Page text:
We have two trail cams set up at Turtle Hill. One of them is in the Beaver Sculpture Park. This time of year the marsh is frozen over and the beavers stay in their lodge. But we were curious about who else might be enjoying their artistic efforts. Other than a family of raccoons that strolled by, it’s been quiet. Then, just a couple of days ago, another artist appeared and got to work. It seems that the Turtle Hill sculptures are a community effort!
This is a pileated woodpecker, one of the largest birds in these woods. They’re as big as crows and can be long-lived. They require old wood which harbors carpenter ants. Beavers help with that. In weakening and killing trees, they give a place for the insects to live, which in turn provides food for the pileated woodpeckers. Whereas the beaver sculptures are free-form, the woodpeckers like geometry. Rectangular holes.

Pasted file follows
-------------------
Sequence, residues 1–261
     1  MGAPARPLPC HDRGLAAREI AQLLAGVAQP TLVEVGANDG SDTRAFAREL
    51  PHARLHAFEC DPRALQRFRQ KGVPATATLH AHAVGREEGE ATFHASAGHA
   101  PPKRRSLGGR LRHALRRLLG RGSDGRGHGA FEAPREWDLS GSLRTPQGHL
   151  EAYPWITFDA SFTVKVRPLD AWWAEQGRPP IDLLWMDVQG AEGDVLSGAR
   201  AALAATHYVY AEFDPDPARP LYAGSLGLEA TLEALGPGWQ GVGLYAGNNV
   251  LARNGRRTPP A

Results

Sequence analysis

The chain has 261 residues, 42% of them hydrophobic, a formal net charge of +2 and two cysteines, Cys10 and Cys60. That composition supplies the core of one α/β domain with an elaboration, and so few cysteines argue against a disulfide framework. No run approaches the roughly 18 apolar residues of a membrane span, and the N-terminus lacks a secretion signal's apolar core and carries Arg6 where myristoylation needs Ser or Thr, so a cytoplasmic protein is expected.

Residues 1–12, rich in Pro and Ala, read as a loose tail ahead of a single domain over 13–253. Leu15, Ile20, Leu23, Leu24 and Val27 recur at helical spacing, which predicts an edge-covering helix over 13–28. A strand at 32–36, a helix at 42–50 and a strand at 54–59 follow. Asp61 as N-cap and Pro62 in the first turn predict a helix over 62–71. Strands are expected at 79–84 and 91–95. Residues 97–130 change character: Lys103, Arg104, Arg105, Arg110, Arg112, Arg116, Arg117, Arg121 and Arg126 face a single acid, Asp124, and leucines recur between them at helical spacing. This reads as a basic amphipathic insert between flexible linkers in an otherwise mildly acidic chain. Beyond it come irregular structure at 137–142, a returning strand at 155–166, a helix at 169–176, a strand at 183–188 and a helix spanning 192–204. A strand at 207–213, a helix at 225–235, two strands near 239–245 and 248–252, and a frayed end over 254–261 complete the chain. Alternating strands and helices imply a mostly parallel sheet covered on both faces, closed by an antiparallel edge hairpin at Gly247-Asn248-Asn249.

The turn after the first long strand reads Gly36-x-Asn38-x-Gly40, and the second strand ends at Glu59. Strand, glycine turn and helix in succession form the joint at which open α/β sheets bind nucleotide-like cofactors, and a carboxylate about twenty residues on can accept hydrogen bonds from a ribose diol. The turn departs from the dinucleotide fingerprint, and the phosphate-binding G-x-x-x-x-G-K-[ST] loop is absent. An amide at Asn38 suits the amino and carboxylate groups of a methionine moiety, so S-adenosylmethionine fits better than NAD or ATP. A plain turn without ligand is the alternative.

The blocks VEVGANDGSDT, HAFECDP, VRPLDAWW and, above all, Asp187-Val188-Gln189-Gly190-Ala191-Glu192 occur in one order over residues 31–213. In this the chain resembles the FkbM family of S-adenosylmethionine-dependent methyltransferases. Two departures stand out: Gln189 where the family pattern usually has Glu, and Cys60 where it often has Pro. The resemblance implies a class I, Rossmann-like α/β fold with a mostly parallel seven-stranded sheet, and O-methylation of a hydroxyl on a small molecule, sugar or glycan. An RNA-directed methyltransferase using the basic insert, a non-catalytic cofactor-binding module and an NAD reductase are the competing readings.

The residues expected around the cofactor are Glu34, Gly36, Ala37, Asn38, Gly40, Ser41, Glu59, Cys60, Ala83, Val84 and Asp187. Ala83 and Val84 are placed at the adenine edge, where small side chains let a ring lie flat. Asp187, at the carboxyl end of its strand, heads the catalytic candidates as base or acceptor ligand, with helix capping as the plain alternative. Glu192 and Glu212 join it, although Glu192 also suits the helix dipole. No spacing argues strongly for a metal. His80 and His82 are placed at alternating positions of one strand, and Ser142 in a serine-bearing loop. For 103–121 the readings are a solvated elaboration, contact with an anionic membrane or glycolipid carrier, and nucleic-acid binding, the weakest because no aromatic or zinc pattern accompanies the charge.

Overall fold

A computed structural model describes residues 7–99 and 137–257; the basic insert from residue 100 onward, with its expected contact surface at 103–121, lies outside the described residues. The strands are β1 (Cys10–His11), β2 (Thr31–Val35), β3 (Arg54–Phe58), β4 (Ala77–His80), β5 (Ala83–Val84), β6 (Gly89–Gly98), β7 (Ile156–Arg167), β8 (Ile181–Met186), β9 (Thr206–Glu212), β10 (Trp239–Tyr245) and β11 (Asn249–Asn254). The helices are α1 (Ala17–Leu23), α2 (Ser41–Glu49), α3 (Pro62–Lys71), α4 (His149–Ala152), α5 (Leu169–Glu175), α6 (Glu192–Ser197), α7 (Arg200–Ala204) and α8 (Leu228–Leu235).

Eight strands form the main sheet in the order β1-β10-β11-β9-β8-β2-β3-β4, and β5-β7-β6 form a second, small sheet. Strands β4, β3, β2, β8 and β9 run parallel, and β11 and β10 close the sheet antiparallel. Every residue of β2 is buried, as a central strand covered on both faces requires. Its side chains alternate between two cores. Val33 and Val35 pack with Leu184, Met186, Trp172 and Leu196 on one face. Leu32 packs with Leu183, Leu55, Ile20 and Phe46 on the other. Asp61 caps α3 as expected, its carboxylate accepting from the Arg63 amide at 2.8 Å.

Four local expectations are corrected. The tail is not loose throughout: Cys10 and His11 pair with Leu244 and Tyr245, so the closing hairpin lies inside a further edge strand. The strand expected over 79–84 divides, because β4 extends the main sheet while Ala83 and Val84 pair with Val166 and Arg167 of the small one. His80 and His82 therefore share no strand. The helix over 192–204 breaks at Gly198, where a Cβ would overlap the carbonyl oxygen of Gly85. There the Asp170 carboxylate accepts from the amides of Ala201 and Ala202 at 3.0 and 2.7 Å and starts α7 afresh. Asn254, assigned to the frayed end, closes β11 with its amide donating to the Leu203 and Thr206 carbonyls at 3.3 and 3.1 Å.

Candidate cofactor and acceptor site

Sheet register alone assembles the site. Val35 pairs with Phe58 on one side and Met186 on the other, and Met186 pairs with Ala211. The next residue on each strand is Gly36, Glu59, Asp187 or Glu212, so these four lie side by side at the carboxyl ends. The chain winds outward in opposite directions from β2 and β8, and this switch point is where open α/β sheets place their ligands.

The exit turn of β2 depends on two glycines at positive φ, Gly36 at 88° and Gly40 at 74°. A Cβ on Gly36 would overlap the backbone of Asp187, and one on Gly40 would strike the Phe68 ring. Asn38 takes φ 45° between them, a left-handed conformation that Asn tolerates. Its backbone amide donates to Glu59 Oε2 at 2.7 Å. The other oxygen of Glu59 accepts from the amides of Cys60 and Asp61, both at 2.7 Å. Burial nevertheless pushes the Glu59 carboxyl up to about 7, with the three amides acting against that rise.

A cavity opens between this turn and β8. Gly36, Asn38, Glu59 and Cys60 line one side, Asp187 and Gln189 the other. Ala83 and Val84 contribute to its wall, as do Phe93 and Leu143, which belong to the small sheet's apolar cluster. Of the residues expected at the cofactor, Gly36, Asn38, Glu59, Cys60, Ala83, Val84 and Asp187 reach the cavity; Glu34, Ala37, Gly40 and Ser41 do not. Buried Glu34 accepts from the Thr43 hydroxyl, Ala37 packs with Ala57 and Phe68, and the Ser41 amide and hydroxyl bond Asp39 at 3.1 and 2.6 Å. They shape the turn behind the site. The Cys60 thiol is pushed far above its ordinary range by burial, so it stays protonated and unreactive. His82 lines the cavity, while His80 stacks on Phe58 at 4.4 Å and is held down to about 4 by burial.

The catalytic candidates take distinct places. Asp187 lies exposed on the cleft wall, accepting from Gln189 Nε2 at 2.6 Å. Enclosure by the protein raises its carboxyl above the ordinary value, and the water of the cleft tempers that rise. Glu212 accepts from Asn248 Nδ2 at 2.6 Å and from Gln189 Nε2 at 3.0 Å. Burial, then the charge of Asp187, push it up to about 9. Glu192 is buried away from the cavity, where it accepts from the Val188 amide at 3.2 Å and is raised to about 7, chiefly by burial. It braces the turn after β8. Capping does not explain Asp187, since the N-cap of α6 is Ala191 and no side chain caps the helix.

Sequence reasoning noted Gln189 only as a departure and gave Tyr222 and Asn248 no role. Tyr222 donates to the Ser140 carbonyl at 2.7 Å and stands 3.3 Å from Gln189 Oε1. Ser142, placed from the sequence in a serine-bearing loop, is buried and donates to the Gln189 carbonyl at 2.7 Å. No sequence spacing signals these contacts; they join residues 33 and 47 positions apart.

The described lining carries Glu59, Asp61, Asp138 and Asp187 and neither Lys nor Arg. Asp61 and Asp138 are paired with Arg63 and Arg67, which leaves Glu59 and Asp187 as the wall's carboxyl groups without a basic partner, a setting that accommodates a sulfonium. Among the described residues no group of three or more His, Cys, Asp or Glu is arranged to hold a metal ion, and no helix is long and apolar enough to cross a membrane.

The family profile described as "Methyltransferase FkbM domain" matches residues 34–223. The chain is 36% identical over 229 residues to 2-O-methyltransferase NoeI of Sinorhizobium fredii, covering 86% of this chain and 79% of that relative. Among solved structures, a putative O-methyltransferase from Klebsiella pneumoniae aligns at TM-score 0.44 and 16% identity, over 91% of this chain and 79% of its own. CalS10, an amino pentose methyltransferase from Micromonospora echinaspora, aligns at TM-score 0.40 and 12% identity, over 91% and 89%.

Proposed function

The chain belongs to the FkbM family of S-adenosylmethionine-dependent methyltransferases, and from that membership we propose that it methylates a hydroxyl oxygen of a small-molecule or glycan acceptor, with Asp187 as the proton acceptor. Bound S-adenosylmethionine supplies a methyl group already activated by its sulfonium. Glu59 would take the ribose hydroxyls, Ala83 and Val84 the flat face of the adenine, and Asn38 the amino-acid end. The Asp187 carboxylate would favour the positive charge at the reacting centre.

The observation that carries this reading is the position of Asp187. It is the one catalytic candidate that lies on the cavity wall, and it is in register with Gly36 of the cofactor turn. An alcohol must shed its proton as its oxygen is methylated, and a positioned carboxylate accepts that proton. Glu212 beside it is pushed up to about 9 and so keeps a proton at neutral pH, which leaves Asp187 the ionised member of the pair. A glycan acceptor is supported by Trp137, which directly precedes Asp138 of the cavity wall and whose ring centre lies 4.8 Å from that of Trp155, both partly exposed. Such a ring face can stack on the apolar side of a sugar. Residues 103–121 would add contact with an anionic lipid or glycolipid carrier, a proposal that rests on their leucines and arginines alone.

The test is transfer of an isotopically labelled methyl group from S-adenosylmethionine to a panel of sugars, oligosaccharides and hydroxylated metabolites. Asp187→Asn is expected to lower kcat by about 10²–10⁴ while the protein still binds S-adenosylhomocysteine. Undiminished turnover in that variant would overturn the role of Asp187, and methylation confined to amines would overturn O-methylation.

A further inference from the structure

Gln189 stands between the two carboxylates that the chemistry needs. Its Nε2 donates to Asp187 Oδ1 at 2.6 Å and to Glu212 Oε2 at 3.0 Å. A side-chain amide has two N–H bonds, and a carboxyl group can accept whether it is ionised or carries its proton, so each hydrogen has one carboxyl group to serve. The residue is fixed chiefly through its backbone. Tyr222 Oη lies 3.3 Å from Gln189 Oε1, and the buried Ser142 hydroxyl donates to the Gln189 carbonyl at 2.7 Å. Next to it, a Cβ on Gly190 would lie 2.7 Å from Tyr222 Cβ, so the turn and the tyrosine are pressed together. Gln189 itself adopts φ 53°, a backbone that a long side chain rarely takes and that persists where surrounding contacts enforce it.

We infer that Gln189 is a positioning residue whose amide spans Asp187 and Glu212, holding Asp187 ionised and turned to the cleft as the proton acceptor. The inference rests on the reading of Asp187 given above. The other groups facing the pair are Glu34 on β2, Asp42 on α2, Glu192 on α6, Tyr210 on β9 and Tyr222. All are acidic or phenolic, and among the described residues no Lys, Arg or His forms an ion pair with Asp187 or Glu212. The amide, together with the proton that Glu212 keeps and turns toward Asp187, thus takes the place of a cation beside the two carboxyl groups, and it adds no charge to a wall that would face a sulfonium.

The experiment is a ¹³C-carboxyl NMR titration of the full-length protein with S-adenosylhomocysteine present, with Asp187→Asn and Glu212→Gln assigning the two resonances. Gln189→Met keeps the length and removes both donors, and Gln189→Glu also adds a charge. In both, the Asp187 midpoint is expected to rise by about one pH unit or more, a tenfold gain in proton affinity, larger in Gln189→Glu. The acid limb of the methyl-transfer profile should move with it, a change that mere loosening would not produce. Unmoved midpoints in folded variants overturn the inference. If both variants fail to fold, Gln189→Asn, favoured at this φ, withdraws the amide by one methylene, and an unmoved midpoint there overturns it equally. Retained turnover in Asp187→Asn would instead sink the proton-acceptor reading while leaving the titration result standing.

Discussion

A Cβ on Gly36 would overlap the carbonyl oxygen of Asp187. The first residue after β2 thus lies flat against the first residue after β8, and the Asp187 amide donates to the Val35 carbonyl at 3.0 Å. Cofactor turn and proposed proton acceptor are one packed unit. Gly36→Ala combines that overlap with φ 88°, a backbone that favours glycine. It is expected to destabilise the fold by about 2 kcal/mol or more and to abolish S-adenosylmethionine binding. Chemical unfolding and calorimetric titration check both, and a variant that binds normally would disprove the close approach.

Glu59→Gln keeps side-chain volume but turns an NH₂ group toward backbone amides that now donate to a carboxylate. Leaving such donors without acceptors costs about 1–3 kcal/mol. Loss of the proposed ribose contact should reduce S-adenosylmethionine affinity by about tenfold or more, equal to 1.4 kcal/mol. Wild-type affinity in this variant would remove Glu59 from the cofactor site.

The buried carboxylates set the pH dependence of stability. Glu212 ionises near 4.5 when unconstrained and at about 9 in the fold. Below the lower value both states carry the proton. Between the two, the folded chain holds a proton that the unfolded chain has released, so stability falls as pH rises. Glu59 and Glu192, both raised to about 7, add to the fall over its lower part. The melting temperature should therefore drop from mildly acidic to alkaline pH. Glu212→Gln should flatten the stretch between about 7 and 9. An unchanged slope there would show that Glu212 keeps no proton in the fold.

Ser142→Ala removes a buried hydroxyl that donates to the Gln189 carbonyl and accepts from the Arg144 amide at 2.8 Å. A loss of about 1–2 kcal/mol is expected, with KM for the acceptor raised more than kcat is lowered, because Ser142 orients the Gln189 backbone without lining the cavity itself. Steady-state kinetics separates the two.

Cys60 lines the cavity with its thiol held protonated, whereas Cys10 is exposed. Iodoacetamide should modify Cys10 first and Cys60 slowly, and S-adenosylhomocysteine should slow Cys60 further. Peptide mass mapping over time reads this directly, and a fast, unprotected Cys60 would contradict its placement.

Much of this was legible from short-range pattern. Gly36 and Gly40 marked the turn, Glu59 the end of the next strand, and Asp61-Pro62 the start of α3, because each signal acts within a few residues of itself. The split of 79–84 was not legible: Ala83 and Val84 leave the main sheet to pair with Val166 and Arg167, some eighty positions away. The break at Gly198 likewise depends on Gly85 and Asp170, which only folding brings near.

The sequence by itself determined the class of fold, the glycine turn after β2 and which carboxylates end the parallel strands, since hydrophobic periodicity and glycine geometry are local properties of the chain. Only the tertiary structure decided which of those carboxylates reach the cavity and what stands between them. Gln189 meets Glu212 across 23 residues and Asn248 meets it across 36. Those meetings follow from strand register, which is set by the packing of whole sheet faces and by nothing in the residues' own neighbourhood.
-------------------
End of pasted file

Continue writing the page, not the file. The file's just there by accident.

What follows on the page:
Once these cavities are created, other creatures make use of them, both for food and for nesting. Speaking of nesting, pileated woodpeckers require very large old trees to raise their young in. When forests are harvested down to the last stump, there’s no place for the pileated. Even as the trees grown back, it can be decades before there’s a tree big enough for them to use for nesting. If a few trees are left for these birds, that helps somewhat. However, they’re susceptible to lightning strikes. What’s best for the pileated (and for everyone else in their community) is the sort of mixed forest that we have here at Turtle Hill. The beavers keep the growth varied, the old trees are left to stand or rot, and everyone benefits.
Here’s a video from the cam. Hear the high-pitched birdsong in the background? I think that those are kinglets. As small as the pileated are huge. Also insect eaters. (There are caterpillars hiding in the forest in winter!) Please let me know if I’m right, or what you hear.
For more about pileated woodpeckers, read what the Cornell Lab of Ornithology has to say.
For more videos and photos from Turtle Hill, follow Steve’s Instagram page. He’s the keeper of the cams, knows how to use a camera, and posts a lot more than I do about the nature all around us.